National Organic Program

The USDA National Organic Program (NOP) was implemented in 2002.  It was created after Congress passed a bill in 1990 called the Organic Foods Production Act of 1990 (OFPA).  OFPA established the framework to create the National Organic Standards.  Before 2002, since there was no national standard, what was sold as organic in California was not the same as a product that was sold in say, Colorado.  Therefore, this National Organic Program Standard was created to set specific standards for growing, processing and handling foods labeled “organic”.

At its heart, USDA Certified Organic means that synthetic chemical inputs (pesticides and herbicides) are not used to grow your food or added later during processing.  Each operation requesting or maintaining certification must adhere to the section in the Standard called, “The National List of Allowed and Prohibited Substances”. These lists discuss what is allowed or prohibited for use in organic crop and livestock production as well as processed products.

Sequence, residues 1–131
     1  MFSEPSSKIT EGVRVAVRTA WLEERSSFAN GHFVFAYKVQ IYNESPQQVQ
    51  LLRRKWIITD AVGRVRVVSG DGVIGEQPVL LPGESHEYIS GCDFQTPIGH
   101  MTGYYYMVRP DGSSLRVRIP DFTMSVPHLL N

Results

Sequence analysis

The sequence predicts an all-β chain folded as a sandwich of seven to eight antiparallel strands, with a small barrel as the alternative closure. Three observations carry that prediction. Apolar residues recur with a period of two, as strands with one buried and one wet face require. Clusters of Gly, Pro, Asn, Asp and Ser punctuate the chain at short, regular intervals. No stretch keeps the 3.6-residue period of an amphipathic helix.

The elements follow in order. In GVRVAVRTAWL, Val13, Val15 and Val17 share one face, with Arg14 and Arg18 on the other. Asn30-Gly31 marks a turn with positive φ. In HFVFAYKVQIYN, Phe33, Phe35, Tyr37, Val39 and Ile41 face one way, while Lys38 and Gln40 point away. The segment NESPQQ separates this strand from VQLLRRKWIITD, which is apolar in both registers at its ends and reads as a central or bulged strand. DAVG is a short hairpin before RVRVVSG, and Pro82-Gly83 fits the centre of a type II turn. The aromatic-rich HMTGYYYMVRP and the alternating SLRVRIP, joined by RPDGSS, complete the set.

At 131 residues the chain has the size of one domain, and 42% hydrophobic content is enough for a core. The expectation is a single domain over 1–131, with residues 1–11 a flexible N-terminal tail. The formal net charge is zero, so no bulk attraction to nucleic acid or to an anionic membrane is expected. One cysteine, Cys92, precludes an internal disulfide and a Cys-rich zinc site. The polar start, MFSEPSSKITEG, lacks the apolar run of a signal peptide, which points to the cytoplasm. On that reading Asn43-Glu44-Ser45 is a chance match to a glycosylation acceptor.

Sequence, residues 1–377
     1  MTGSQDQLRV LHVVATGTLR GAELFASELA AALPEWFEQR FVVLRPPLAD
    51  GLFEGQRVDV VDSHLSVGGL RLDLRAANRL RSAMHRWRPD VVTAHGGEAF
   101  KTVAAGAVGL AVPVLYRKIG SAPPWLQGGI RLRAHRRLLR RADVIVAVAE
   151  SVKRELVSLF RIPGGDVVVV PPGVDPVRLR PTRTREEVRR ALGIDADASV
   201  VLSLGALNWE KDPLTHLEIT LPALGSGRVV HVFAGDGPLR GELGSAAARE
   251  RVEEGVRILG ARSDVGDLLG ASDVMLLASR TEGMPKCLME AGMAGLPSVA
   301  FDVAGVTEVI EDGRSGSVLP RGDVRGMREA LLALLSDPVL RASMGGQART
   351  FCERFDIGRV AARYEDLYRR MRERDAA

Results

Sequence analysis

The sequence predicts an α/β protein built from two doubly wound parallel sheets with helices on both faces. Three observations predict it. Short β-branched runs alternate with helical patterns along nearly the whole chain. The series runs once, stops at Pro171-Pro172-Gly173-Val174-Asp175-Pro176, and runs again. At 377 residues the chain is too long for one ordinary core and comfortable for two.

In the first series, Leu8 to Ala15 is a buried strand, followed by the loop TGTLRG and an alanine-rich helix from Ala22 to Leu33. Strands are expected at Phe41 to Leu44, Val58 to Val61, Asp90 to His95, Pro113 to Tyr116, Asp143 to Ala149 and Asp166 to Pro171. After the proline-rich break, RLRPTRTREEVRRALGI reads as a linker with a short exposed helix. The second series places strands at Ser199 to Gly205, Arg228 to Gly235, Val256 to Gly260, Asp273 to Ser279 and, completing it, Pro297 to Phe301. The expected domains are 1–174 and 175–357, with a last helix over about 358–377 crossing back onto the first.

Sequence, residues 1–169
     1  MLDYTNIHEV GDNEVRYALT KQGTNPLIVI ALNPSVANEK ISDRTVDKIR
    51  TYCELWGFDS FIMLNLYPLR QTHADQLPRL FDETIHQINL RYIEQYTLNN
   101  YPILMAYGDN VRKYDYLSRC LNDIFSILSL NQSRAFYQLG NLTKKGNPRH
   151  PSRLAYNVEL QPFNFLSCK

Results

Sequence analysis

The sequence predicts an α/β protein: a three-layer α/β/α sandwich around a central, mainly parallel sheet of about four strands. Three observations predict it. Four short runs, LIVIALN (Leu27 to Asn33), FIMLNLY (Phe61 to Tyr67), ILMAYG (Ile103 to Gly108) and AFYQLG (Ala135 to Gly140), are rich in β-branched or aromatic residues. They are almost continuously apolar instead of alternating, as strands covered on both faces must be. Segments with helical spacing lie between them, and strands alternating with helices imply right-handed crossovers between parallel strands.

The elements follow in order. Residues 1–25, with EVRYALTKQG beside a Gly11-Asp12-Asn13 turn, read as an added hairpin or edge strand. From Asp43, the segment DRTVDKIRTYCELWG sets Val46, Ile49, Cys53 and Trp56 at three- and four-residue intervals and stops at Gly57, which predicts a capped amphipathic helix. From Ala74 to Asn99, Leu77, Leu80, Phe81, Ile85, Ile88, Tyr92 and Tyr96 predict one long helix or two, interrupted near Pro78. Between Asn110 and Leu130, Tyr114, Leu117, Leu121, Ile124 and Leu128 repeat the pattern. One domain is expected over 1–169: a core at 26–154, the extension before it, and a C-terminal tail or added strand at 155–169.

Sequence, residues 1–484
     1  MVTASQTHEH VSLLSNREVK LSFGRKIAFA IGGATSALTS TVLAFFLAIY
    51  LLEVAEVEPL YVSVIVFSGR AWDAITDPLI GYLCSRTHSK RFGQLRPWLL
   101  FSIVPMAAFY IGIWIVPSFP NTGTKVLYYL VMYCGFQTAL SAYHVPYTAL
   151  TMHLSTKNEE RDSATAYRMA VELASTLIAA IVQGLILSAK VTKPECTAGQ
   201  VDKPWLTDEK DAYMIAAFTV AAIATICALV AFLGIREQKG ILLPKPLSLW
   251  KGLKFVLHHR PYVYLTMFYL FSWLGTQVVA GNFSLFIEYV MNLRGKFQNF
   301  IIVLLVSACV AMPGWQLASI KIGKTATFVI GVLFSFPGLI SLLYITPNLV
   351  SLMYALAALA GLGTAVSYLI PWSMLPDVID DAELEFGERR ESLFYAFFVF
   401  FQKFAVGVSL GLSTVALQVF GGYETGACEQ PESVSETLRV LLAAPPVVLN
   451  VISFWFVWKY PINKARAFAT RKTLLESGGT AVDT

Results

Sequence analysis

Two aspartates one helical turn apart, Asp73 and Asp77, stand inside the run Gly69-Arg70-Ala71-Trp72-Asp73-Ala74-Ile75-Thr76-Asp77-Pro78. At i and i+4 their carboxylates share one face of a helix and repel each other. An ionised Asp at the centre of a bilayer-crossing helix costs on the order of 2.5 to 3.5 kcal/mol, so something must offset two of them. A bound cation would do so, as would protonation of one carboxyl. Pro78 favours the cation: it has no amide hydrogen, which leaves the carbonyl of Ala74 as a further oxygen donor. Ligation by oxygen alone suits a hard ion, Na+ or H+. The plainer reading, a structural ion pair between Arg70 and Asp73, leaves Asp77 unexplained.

When shopping at our stores, you will notice the USDA Certified Organic Seal, which is a clear indication that product meets the NOP Standards. There are several variations on organic label claims, including “100% Organic” (just like it sounds), “Organic” (meaning at least 95% of the ingredients are organic), “Made with Organic” (meaning at least 70% of ingredients are organic) and, finally, simply listing the organic ingredients on the ingredient panel.

Natural Grocers stores are among the few retailers to be USDA certified organic handlers.  To become certified organic, a retailer/operation must be inspected and certified through a USDA accredited certification agency (ACA). There are approximately 100 ACA’s that certify operations throughout the world.  Although retailers are not required to become certified handlers, we feel it is important to our customers to confirm through this third party audit that our handling practices do in fact protect your organic foods from seed to farm to table.  You can buy produce labeled “organic” from any run-of-the-mill market, but you can’t be sure it has not been contaminated, commingled, or mixed up with the other products that you really don’t want to consume.

If you are a USDA certified organic vendor or USDA certified organic grower that would like to service one or multiple Natural Grocers locations please contact to start the approval process.

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